(Tonight Marc Chagall)

Blue Outboard Humber Hawk.jpg

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The ablation of John Philip Key

A recent article by the journalist Rachel Stewart – where she throws up her hands at our Prime Minister John Key’s apparent self-immolation during another humiliating appearance on the aptly, crushingly named radio station, The Rock – has finally convinced me that yes, he is deliberately throwing himself under a bus. That bus is his insatiable desire to be loved, the vacuum every fatherless child tries to fill; when Key was six or seven years old, his father left his mother Ruth and she never remarried.

Little is known about George Ernest Key (1914-1969), or little has been made known of what is out there. An article published in the Western Leader in 2010 reveals something of what lies behind the emotional enigma that has many of us wondering about why Key behaves in the way he does and yet manages to surf a remarkable wave of popular approval.


Every child who loses a parent loses a role model, and while that loss may sometimes seem the best result when the modelling given is destructive, or negative, nevertheless the wound and the absence remain. I’m speaking here from experience: an alcoholic father, an emotionally unstable war veteran, a bully who damaged his wife, his children and himself. He was there, but not there and when he was there, often it would have been better if he wasn’t. I’m still cleaning up the mess sixty-plus years on and so are my siblings.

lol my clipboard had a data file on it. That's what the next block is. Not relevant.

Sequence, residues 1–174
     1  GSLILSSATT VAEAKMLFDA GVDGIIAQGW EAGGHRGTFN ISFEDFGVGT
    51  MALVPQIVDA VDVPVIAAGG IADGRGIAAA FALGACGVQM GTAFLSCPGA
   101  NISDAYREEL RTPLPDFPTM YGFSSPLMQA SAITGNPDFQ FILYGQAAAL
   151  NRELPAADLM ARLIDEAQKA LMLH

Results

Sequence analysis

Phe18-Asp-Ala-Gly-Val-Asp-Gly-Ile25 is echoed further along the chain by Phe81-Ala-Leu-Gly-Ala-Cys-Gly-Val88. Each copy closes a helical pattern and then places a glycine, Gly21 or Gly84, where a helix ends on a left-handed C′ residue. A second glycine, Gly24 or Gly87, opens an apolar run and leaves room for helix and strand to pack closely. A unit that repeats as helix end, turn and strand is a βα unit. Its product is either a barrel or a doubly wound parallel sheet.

John Key’s problem in my view is different. Like me, a State House kid from Bryndwyr, he had – along I assume with his other now publicly invisible siblings – the job of looking after his solo mother, in his case from the age of seven. Where does a boy in that position get his affirmation as a male, how could he – as Jesus said – do the things he saw his father doing? We all need both approval and correction as we mature; these are the two black holes that skew the psychology of our present Prime Minister. He can’t get enough love and he doesn’t know when to stop.

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This is how he gets himself into the spotlight and into trouble: all those nagging unmet needs. Who am I really? How do I know what to do? Where is my role model? Where is my father? Key’s mother Ruth, sanctified in his accounts as a hard working, loyal and dedicated mother certainly had role model credentials as an Austrian Jewish escapee from certain death in the Holocaust to have given her youngest a backbone and a sure moral compass.